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Historical Background













Every contracting state to the International Civil Aviation Organisation (ICAO) is required in terms of the Convention on International Civil Aviation, commonly known as the Chicago Convention, and its Annexes, to ensure the safety of navigational aids at international airports. Consequently each contracting state is obliged to provide in its territory airports, radio services, meteorological services and other air navigation facilities to facilitate international air navigation, in accordance with the standards and recommended practices (SARPs) established from time to time pursuant to the Convention. The most relevant in this regard are Annexes 10 (Aeronautical Telecommunications) and Annex 14 (Aerodromes). Standard 2.7 of Annex 10, Volume 1 requires that radio navigational aids of the types covered by the specifications in Chapter 3 of the Annex, e.g. instrument landing systems (ILS) and very high frequency omnidirectional range (VOR) and available for use by aircraft engaged in international air navigation shall be the subject of periodic ground and flight tests to ensure that they meet certain required specified standards. Annex 14 specifies requirements to be met by visual aids to navigation. The realisation of the goal of safe, efficient and effective air navigation is highly reliant on the precision of the navigational aids in use. The function of flight calibration is essential to the safety of air navigation. This function is carried out by the Flight Inspection Unit. The FIU boasts a successful history of flight inspection of ground radio navigational aids in South Africa for more than half a century. The Flight Inspection Unit, which is a civil aviation regulations (CAR) Part 121 operation, also conforms to the regulatory requirements of Part 91, relating to the operation of aircraft. The CAA Flight Inspection Unit, located at the Lanseria International Airport, ensures that navigational aids in South Africa are safe, by focusing on two distinct areas:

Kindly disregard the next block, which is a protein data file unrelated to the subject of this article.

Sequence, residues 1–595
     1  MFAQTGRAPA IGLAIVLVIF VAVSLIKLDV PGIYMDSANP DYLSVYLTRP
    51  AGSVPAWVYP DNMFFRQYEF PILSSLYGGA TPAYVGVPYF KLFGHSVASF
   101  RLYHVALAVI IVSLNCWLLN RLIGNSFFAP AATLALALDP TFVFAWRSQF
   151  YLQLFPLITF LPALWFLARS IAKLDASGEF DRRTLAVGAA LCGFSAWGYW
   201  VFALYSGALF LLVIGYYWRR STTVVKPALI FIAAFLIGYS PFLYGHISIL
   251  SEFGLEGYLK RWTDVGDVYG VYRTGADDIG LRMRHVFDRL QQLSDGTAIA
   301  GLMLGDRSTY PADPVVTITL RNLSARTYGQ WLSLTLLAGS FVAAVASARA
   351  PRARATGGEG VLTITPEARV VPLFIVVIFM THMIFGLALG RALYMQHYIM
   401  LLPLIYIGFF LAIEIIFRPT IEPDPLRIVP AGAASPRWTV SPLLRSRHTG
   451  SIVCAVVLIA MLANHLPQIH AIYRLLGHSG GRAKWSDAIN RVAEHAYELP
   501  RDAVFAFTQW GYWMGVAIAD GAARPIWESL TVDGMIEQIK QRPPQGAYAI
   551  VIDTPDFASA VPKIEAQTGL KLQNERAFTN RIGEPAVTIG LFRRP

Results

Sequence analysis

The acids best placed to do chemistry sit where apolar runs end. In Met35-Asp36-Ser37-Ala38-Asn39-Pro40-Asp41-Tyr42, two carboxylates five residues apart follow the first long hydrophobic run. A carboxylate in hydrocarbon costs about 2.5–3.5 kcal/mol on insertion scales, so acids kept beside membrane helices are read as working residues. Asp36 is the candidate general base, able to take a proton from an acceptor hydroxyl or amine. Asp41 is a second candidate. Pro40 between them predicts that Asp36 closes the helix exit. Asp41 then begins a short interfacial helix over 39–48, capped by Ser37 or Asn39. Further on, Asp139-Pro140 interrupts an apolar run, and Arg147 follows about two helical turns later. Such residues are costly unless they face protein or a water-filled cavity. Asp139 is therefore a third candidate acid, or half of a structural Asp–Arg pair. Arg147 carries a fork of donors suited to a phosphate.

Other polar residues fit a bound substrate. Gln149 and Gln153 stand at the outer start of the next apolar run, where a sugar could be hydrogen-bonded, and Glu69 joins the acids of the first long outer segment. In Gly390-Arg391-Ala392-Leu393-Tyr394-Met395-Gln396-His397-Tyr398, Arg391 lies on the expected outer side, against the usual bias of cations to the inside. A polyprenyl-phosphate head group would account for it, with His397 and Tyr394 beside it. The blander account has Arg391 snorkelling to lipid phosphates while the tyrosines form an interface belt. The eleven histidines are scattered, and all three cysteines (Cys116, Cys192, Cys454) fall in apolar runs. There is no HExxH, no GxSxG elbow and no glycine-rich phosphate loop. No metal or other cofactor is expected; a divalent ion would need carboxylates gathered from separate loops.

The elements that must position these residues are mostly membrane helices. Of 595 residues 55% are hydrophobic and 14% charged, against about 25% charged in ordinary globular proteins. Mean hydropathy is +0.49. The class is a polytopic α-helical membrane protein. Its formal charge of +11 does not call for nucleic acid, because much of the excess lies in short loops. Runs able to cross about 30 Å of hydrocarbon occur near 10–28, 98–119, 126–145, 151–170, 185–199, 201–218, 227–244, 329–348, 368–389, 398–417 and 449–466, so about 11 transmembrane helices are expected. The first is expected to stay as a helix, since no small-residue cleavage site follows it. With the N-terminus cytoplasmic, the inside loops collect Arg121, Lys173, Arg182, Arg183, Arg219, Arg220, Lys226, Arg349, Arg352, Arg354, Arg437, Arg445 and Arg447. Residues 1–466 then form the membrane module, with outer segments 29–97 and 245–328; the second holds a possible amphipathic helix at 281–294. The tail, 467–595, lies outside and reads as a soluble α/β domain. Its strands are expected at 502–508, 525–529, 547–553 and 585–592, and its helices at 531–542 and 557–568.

• It carries out precision certification for the commissioning of newly installed air navigation systems.
  • It periodically checks the technical and operational parameters of existing surveillance and navigational aid instruments.


The safety of the flying public has always been of paramount importance to South Africa and the international aviation community. The mandate of the FIU is ensuring that all radio navigational aids in South Africa are periodically flight inspected to ensure safe and efficient operations. This Unit has a long history, beginning in 1947, when safety in South African skies was first regulated. This was done through the then Directorate of Civil Aviation within the Department of Transport. During 1949 a temporary Instrument Landing System (ILS), was installed at Palmietfontein, an airport just outside of Germiston on the East Rand. This was followed in 1953 by a similar installation at Wingfield Air Base. In 1953 and 1954, the two ILS systems were moved to new locations, which are now OR Tambo and Cape Town international airports respectively. In 1957 a purpose fit, in-house developed calibration system was installed on the Douglas DC3 aircraft operated by the DoT. In 1971 an HS-125 aircraft was purchased and fitted with a state of the art flight inspection system complete with a Telectroscope. At that point, Africa was starting to open up for flight inspection and countries, including Seychelles, Malawi and the then Rhodesia were among the first to be serviced by the South African Flight Calibration Unit. This newly found success was cut short by the international isolation of South Africa due to apartheid policies and the Unit was forced to only operate within South Africa. The current Cessna CITATION II aircraft was acquired by government in 1986. The Flight Inspection Unit (FIU) was born when the South African Civil Aviation Authority, a statutory agency responsible for aviation safety and security, was established in 1998. The FIU, a Part 121 AOC holder, is a semi-autonomous strategic business unit of the CAA. The South African FIU has grown from two inspectors serving two airports to a fully-fledged, self-sustainable world class business, serving the greater part of the SADC region, supporting about 46 Instrument Landing Systems (ILS), 107 Very High Frequency Omnidirectional Range (VOR), 13 Tactical Air Navigation Systems (TACAN) and various other navigational aids.

We provide the following types of inspections/Services.

  • Site evaluation
  • Commissioning
  • Routine
  • Special
  • After accident
  • Surveillance
  • Calibration.

We calibrate/inspect the following facilities.

  • Instrument landing system (ILS)
  • VHF omnidirectional radio range (VOR)
  • Distance measuring equipment (DME)
  • Tactical air navigation system (TACAN)
  • Precision approach path indicators(PAPI's)
  • Non-directional beacon (NDB)

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